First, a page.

Wednesday, June 26, 2013

baseapp: Server-Side Unit Tests

baseapp provides all the boilerplate to get your JavaScript web application started off right, this Part 3.

  1. Intro to baseapp
  2. Client-Side Unit Tests
  3. Server-Side Unit Tests
  4. WebDriver Integration Tests
  5. Other Grunt Goodies
  6. Authentication
  7. Continuous Integration
  8. Administration
(or binge read them all on the baseapp wiki!)

baseapp handles server-side unit tests using jasmine-node and istanbul for code coverage. The grunt task to run the tests is 'grunt jasmine_node_coverage'. The tests always run with code coverage enabled.

Unlike the client-side unit tests I do not use any third party grunt plugin to execute this grunt task. Let's go to the configuration!

    jasmine_node_coverage: {
        options: {
            coverDir: 'public/coverage/server'
            , specDir: 'spec/server'
            , junitDir: './build/reports/jasmine_node/'

Not a lot here - 'options.coverDir' is the directory where coverage information will be dropped, 'options.specDir' is where all of the server-side unit tests live, and finally 'options.junitDir' is where the JUnit XML test output (one file per suite) is placed.

Jasmine-node works almost identically to client-side jasmine. The biggest (only?) difference is how asynchronous tests are handled. While both jasmines match 'runs()' and 'waitsFor()' functions to handle asynchronous tests, jasmine-node also provides 'jasmine.asyncSpecDone();' matched with 'jasmine.asyncSpecWait();' to handle async tests easier.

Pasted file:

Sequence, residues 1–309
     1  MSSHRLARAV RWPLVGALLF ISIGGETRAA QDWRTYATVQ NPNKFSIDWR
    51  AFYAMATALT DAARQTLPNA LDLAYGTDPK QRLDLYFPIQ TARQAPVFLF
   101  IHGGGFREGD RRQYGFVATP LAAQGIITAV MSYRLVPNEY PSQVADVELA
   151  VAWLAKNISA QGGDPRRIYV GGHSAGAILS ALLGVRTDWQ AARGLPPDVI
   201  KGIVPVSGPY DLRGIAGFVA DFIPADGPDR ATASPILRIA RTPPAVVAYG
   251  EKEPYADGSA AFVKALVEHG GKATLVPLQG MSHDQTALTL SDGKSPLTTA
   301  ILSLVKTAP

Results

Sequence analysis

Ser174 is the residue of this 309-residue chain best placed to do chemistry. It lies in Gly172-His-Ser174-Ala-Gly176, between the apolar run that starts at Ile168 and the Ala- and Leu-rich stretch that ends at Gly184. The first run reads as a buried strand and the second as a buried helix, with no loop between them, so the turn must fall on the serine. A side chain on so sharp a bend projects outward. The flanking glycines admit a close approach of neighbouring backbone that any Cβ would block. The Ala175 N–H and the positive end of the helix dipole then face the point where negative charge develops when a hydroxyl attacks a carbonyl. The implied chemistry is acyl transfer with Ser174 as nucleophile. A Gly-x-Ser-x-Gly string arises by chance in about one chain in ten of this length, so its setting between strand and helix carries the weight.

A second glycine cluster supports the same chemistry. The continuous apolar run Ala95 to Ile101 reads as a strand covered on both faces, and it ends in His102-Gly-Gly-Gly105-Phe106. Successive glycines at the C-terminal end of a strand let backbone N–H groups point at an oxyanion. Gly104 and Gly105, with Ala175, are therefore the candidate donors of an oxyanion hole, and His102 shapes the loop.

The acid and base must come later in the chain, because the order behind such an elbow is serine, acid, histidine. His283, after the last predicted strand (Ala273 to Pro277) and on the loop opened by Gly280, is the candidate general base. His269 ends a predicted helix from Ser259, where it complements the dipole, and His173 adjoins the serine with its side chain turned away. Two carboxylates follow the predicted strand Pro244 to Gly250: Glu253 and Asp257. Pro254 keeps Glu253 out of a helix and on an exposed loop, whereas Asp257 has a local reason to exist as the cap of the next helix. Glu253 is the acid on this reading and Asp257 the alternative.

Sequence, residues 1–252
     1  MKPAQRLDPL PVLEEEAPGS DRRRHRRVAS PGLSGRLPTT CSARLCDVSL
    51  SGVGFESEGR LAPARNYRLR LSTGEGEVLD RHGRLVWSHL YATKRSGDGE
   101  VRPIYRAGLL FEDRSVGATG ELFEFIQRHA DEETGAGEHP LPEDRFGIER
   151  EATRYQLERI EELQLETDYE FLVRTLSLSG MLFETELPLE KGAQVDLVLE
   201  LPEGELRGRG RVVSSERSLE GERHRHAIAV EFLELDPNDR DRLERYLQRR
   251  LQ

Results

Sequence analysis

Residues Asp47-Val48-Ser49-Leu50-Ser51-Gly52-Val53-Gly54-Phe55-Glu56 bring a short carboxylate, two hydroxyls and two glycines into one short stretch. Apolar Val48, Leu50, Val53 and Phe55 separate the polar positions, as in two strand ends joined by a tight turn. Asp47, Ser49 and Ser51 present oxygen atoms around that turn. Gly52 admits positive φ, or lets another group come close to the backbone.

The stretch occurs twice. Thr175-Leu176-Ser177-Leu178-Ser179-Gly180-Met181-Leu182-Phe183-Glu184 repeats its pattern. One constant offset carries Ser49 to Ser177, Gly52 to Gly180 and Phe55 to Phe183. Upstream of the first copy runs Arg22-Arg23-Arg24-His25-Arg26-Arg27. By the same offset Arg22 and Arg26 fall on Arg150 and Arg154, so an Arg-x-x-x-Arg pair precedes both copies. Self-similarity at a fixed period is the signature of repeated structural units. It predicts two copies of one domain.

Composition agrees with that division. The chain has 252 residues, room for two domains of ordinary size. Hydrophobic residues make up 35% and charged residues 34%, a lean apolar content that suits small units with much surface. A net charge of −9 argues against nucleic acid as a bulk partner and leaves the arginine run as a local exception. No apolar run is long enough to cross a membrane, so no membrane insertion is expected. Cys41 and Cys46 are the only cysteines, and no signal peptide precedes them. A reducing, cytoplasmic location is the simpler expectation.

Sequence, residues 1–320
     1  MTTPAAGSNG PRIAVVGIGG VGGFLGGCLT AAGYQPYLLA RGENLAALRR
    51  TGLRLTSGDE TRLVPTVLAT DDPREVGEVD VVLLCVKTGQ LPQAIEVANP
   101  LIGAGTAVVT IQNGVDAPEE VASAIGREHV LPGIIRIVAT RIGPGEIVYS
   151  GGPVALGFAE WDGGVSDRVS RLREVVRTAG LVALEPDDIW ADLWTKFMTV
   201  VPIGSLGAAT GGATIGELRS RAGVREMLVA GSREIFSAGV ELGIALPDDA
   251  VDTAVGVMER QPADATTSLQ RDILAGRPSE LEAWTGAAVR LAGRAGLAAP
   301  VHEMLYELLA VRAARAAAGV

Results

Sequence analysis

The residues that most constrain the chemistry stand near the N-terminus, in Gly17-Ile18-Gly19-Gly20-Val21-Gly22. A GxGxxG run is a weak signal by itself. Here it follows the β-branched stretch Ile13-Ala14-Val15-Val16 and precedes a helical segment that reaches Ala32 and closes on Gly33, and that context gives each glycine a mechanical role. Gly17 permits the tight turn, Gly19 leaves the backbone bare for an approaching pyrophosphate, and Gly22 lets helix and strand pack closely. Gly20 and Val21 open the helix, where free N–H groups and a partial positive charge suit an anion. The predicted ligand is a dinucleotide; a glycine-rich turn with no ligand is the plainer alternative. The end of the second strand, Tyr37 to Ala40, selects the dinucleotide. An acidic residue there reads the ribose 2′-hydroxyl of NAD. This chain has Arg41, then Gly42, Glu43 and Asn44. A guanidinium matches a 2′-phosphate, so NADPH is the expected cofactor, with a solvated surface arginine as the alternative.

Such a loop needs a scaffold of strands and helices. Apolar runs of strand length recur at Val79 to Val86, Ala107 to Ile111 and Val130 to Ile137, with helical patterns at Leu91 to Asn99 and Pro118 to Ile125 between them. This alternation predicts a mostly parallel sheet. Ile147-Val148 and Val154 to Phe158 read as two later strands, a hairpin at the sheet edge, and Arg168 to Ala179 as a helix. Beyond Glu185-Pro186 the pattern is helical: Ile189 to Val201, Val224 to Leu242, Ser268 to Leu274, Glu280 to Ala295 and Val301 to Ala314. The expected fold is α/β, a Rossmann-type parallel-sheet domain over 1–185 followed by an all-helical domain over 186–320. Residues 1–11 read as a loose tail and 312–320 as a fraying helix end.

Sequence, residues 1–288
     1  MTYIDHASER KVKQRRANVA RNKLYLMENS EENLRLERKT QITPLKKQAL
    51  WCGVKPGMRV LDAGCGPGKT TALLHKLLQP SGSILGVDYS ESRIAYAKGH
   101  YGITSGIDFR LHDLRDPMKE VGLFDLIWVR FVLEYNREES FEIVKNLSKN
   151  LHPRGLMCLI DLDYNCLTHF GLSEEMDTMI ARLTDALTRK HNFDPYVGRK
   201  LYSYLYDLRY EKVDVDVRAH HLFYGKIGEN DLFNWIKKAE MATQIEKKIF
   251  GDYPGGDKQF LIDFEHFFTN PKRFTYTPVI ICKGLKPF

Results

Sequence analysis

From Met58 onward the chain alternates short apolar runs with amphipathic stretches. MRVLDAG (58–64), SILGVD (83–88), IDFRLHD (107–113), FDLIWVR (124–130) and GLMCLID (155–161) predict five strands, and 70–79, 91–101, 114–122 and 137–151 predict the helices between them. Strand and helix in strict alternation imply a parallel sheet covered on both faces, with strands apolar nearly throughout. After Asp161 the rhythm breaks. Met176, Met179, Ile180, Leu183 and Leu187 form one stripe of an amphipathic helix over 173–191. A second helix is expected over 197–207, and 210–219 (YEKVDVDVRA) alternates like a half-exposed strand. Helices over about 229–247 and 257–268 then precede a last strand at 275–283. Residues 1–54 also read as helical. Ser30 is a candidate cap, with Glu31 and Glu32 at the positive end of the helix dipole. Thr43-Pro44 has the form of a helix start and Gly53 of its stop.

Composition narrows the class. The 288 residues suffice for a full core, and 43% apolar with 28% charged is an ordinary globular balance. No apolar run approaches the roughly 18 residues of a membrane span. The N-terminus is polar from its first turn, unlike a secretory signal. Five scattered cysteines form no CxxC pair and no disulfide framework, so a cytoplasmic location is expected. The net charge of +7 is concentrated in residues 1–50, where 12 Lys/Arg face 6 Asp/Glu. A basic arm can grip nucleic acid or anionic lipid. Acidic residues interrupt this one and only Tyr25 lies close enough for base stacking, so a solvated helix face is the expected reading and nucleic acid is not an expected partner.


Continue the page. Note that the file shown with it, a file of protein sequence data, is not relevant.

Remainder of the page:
Let's take a look at the userSpec.js suite. This file unit tests the authentication code in routes/user.js. Unlike the client-side tests these tests are not run in a browser and objects under test are pulled in via the normal 'require' method.

In this case I expect the redis database to be up, you can use jasmine spies to mock it all out, but instead I select redis database '15' to not interfere with production data (redis has 16 databases named 0-15, by default you get database 0 unless you change it as I do in the 'select' call).

Also I have an 'afterEach' method that completely blows out the contents of the redis database after each test so I'm guaranteed each test gets a fresh database (redis.flushdb()).

The async tests themsevles are very straightforward, just call methods and verify resopnses, easy peasy.

Application Architecture

A quick note about ease of testing, you will note in user.js, I was clear about separating HTTP from the functionality of the module to make testing easier. I was very careful to not mix dealing with HTTP-protocol based values with authentication routines. I specifically did not want to mix up HTTP with authentication to make testing easier. This way I do not have to mock/deal with HTTP when testing the authentication routines. Be sure to keep separation of concerns in mind while writing your code. Writing tests first will help keep your code clean.

Code Coverage

Istanbul has great integration with jasmine-node, looking further down in the Gruntfile you can see the implementation of the jasmine_node_coverage task. Simply running istanbul with jasmine-node will automatically generate code coverage and the coverage output is written to 'public/coverage/server/lcov-report/index.html' in fancy HTML.

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